Facebook is tricky enough as it is (for instance: why aren’t you Facebook friends with me? Do you not like me? I talk to you EVERY DAY. Also, why aren’t you liking my status updates? Why aren’t you consoling me when I post vague messages like “::sigh:: I guess everything happens for a reason”? WHY? WHY? WHY?) and now, it turns out, maybe your doctor is talking smack about you on his Facebook page.
“A recent survey of over 4,000 physicians showed that 67 percent use social media in a professional capacity. Many write blogs or use Twitter to broadcast their insights and opinion to a wider audience. Others have posted videos on YouTube. They are leveraging the strengths of social media: a fast, free and open channel of communication that is easy to use.”
But sometimes, that professional capacity is: griping about patients. “So I have a patient who has chosen to either no-show or be late (sometimes hours) for all of her prenatal visits, ultrasounds and NSTs. She is now 3 hours late for her induction. May I show up late to her delivery?” one doctor posted on her Facebook page.
There’s also this tidbit: “In 2009, several nurses were fired from a California hospital for posting information about patients on Facebook. An egregious misuse of social media by doctors occurred in Haiti after the 2010 earthquake, when several U.S. doctors who had gone over to assist in relief efforts posted photos of naked and unconscious patients in operating rooms, and of doctors drinking and posing with grins and ‘thumbs up’ in front of patients or coffins.”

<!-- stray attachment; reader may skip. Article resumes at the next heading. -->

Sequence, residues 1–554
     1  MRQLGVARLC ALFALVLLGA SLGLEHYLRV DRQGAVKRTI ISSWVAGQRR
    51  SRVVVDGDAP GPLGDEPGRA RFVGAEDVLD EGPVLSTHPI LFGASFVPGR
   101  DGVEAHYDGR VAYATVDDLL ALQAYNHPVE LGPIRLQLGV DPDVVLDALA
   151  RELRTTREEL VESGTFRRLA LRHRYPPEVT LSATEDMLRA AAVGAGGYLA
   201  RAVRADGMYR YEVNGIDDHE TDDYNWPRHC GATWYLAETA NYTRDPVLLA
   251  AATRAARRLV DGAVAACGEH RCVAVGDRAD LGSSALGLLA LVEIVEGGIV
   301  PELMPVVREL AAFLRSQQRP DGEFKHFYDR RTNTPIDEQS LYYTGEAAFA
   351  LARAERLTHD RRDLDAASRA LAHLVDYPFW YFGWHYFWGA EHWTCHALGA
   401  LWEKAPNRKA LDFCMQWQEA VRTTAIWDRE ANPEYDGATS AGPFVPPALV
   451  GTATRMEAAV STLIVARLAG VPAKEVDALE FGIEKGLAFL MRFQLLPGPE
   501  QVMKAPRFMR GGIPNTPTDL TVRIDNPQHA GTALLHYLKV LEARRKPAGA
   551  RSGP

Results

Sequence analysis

Oh, doctors. I expect better from you.
Friday headlines for Friday:
- Speaking of Facebook: Eduardo Saverin, co-founder of Facebook, believes the next big thing in Internet will come from the two industries, healthcare and education.
- And You Know What ELSE is Wrong with You?: Leah Binder at Forbes.com wants you to know The Five Biggest Problems In Health Care Today. They are: (1) Too Much Unnecessary Care; (2) Avoidable Harm to Patients; (3) Billions of Dollars are Being Wasted; (4) Perverse Incentives in How We Pay for Care; and (5) Lack of Transparency.
- The Way We Healthcare Now: “High deductibles ask nonexperts to discern good medical practice,” runs this headline from Indiana’s News Sentinel.